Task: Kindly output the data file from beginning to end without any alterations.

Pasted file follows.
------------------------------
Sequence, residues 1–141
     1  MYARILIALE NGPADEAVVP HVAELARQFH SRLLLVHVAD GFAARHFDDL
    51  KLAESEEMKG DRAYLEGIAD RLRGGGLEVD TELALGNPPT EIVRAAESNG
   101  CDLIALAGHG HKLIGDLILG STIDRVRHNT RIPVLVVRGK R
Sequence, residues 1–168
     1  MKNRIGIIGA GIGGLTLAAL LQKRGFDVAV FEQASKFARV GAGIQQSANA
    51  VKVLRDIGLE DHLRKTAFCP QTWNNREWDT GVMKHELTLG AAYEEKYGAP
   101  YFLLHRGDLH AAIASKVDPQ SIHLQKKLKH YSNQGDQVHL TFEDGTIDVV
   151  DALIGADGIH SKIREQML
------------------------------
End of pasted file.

Sequence, residues 1–141
     1  MYARILIALE NGPADEAVVP HVAELARQFH SRLLLVHVAD GFAARHFDDL
    51  KLAESEEMKG DRAYLEGIAD RLRGGGLEVD TELALGNPPT EIVRAAESNG
   101  CDLIALAGHG HKLIGDLILG STIDRVRHNT RIPVLVVRGK R
Sequence, residues 1–168
     1  MKNRIGIIGA GIGGLTLAAL LQKRGFDVAV FEQASKFARV GAGIQQSANA
    51  VKVLRDIGLE DHLRKTAFCP QTWNNREWDT GVMKHELTLG AAYEEKYGAP
   101  YFLLHRGDLH AAIASKVDPQ SIHLQKKLKH YSNQGDQVHL TFEDGTIDVV
   151  DALIGADGIH SKIREQML